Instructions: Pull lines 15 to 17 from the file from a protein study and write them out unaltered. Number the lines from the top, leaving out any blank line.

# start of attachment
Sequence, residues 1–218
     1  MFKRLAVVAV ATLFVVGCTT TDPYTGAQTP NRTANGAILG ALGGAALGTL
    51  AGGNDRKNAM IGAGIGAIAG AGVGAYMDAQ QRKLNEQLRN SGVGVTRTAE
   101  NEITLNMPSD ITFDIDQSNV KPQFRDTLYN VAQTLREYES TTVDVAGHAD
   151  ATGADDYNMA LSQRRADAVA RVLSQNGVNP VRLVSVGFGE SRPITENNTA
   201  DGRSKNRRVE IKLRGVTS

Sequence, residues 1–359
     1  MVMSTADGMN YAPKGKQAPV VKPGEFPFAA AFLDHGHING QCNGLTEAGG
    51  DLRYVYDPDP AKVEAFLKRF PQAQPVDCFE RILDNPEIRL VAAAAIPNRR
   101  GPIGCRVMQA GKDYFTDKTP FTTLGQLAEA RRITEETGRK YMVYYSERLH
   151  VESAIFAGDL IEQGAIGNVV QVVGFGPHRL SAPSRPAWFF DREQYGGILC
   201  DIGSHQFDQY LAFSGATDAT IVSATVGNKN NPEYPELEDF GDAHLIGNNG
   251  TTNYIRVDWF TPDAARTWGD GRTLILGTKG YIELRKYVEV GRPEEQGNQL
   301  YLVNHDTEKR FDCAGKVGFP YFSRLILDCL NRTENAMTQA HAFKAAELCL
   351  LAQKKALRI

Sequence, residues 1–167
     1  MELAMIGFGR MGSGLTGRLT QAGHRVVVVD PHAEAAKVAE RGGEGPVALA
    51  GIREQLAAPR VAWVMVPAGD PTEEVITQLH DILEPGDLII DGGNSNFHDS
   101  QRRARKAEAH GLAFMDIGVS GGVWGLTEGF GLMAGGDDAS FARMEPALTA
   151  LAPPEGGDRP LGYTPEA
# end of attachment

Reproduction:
   351  LAQKKALRI

Sequence, residues 1–167
     1  MELAMIGFGR MGSGLTGRLT QAGHRVVVVD PHAEAAKVAE RGGEGPVALA